WTO Delegates From Poor Countries Oppose Protesters
December 2, 1999
It is a paradox. Demonstrators at the Seattle World Trade Organization conference say they want to help developing countries. But representatives of those countries are fighting against what the protesters want.
- The protesters are demanding higher labor and environmental standards for poor countries, along with greater protection for U.S. workers from foreign competition.
- Representatives of poor nations do not want labor and environmental standards to be linked to the right to compete in U.S. markets.
- As a Pakistani delegate pointed out: "How could you have minimum wage of $4 for workers in Bangladesh? It's not even 20 cents there."
- The prospect of labor and environmental standards terrifies delegates from poor countries, who fear that they would take away their ability to lure foreign investment and foreign dollars.
Even some U.S. officials were reportedly greatly disturbed by President Clinton's siding with the objectives of the protesters. They fear his statements will make negotiations even more difficult.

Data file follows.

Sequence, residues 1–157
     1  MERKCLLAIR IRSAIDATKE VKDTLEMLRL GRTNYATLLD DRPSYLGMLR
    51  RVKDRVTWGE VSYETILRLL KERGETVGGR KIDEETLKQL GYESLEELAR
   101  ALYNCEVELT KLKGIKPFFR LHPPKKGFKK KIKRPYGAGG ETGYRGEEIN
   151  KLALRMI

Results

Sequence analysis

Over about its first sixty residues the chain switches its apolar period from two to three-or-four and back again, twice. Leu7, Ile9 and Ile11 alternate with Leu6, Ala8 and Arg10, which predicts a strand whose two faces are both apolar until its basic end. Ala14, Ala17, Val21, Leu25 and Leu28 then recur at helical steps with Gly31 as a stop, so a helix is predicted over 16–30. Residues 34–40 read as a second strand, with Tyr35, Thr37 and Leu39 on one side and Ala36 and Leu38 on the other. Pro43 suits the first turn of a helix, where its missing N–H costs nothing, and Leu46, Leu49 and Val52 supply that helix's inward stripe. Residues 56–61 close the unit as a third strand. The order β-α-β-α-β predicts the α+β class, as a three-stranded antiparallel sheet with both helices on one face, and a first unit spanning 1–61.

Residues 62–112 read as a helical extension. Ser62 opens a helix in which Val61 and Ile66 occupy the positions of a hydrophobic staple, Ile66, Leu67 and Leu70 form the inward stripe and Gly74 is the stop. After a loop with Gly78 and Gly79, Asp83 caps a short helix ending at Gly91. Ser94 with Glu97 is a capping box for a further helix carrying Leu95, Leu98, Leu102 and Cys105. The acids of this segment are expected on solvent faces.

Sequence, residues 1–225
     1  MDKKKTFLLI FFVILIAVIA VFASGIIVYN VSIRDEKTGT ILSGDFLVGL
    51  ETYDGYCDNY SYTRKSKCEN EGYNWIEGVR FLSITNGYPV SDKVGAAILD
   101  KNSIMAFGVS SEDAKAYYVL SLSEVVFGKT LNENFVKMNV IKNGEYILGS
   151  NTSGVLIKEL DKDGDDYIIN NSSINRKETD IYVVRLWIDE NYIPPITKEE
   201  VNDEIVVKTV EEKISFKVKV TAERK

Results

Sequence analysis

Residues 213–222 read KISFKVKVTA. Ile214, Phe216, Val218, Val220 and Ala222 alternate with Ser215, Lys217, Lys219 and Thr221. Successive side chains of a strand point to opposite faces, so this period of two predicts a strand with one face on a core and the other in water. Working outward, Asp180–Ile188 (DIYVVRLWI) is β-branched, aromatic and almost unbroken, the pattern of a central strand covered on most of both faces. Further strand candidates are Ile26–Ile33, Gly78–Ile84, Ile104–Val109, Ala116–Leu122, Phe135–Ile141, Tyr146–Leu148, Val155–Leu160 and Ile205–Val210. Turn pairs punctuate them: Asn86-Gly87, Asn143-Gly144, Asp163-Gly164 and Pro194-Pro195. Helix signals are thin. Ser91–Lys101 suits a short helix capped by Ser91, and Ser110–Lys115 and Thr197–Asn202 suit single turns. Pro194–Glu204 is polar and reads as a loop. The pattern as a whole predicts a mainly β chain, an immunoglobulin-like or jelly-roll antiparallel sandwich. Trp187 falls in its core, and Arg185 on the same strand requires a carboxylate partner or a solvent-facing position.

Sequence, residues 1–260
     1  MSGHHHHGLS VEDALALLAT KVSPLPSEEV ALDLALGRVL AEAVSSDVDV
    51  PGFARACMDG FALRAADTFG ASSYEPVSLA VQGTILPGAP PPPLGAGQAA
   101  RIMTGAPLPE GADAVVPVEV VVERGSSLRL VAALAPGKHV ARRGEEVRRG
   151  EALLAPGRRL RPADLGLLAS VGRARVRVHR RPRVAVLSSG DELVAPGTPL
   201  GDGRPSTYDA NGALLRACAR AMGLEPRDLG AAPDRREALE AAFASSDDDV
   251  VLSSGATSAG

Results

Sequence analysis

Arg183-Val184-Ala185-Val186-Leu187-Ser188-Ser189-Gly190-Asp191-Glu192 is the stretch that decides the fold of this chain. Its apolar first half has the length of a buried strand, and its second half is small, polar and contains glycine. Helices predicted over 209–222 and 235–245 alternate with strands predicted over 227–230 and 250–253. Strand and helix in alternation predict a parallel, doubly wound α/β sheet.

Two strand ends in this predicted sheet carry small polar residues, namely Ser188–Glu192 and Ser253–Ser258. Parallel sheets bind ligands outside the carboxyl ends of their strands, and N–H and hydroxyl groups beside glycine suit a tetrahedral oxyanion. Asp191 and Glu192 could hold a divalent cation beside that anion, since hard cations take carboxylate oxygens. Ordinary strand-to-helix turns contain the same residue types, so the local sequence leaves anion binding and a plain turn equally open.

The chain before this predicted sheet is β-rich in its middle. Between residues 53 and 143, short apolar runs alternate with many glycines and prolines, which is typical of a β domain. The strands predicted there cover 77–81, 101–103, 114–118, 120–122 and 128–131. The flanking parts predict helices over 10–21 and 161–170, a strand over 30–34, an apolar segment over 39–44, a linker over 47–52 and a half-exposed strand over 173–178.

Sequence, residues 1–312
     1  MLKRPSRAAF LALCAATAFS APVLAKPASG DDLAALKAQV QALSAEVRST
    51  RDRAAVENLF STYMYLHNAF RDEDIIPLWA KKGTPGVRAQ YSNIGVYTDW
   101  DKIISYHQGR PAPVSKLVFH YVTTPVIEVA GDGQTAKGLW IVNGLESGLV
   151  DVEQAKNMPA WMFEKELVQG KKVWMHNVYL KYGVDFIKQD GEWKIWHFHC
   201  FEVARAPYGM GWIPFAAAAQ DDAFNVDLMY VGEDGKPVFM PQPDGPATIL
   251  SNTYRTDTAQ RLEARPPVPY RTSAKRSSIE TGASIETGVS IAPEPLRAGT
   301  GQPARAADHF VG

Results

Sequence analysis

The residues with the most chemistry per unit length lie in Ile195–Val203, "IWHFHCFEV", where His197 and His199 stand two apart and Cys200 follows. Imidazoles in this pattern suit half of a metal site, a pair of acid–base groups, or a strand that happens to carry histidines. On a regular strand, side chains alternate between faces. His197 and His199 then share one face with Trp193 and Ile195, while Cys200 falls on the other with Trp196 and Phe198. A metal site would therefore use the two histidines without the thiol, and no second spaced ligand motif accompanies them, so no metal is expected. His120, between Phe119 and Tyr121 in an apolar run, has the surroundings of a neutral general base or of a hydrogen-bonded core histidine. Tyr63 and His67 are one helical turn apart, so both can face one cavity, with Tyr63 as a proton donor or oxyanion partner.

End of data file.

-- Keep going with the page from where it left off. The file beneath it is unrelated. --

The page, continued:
Political observers wonder whether the expressions of anti-trade and anti-globalization sentiment represent a revival of the radical left. Others doubt it, citing polls that show that only about one-third of Americans view international trade as hurting the U.S. Interestingly, polls show there is almost no difference of opinion over trade between union and nonunion households, despite organized labor's high-profile presence in Seattle.
Source: Helene Cooper, "Poorer Countries Are Demonstrators' Strongest Critics," Wall Street Journal, December 2, 1999.
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